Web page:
Philip Arnold Stuart was the son of Martinus Stuart (1841-1881), a magistrate of the Ixopo district, and his wife Mary Porter Stuart, nee Taylor (1846-1918), who were married in Pietermartizburg on 24 October 1866. They had eight children, three of whom died young. The five surviving children included four sons and one daughter.
Little is known of Philip's youth, but some details can be gleaned from the life of his oldest brother, James Stuart (1868-1942), who became a civil servant in the Colony of Natal, and who studied the Zulu language and collected Zulu oral traditions. James Stuart published a History of the Zulu Rebellion (1906), and, in the 1920s, five school readers in Zulu. (His extensive collection of materials have been preserved, and a series of books from The James Stuart Archive of Recorded Oral Evidence Relating to the History of the Zulu and Neighbouring Peoples began appearing in 1976.) Martinus Stuart was killed in July 1881 in the Battle of Ingogo of the Anglo-Transvaal war, after which their mother took James and two of his brothers (presumably including Philip, the youngest) to England, where they were educated. James returned to Natal in 1886, when he was eighteen. Philip presumably returned in the 1890s, for he married May Alice Runciman (1876-1958) in Pietermaritzburg on 4 September 1901. They had eight children, four sons (one of whom died young) and four daughters.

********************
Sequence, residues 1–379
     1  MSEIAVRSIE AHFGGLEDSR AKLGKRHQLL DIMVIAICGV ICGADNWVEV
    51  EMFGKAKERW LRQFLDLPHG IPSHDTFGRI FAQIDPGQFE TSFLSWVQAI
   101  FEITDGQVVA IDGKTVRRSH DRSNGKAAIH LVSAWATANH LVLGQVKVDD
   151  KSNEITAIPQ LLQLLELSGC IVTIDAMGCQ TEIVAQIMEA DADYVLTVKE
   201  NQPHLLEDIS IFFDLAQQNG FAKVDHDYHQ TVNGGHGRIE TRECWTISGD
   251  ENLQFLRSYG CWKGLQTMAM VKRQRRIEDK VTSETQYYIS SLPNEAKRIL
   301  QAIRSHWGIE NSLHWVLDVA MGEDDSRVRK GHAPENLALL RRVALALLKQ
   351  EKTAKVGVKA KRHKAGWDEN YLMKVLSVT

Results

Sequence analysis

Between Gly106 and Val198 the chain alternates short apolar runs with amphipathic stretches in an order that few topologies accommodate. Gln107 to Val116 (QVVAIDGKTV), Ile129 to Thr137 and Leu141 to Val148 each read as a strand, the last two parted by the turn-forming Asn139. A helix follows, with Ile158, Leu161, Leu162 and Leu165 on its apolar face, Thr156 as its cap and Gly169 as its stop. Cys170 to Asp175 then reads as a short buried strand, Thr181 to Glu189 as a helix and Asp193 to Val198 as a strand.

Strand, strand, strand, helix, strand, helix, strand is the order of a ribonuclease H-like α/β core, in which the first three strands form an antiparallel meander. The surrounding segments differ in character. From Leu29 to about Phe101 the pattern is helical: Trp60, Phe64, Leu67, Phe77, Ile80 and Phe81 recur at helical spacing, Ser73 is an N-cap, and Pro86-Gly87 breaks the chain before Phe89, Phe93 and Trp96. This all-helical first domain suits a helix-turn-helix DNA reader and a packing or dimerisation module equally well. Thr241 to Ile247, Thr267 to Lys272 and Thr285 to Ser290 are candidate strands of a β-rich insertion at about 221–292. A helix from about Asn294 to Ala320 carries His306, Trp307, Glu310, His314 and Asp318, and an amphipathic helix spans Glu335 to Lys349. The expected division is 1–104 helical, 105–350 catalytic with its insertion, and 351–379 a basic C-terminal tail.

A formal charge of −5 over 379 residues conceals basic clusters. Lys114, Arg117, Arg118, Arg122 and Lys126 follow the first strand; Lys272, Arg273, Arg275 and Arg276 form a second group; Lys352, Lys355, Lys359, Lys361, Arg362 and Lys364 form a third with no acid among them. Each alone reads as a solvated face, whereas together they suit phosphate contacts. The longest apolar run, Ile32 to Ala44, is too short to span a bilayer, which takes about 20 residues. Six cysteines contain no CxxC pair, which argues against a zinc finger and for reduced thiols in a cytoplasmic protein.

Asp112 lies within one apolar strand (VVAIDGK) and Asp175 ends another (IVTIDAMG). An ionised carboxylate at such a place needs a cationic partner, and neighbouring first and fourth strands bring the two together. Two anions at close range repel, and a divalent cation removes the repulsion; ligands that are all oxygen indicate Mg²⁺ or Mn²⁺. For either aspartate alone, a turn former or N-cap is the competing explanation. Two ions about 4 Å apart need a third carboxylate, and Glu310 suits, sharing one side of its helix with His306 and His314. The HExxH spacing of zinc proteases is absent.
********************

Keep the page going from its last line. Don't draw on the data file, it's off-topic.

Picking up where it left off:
|The 1938 second edition|
Philip shared with his brother James a considerable interest in the Zulu language and history. His book on the Zulu language first appeared as Stuart's Zulu Course (1907; second edition 1912), and was retitled for its third edition as A Zulu Grammar for Beginners (1932; fourth edition 1940).
All of his books appeared as by P.A. Stuart. His one work of historical fiction was An African Attila: Tales of the Zulu Reign of Terror (London: T. Fisher Unwin, 1927). It contains nine stories primarily centered on the Zulu ruler Shaka (1787-1828), spelt by Stuart as "Tshaka," who was sometimes called the "Black Napoleon" or an "African Attila," for in twelve years he conquered an area in southern Africa larger than western Europe, unifying many tribes and thus temporarily resisting European domination. A second edition of An African Attila, with illustrations, was published in Pietermartizburg in 1938. An African Attila was translated into Zulu as Unkosibomvu (1938, reprinted 1963, 1964 and 1978). One of the stories from the book was made into a play in Xhosa (a Bantu language related to Zulu), and performed at the Freemantle School in Lady Frere in the early 1940s.
P.A. Stuart worked as a civil servant in Pietermaritzburg. At the time of his death he was a resident of Durban, though he died in a suburb of Cape Town.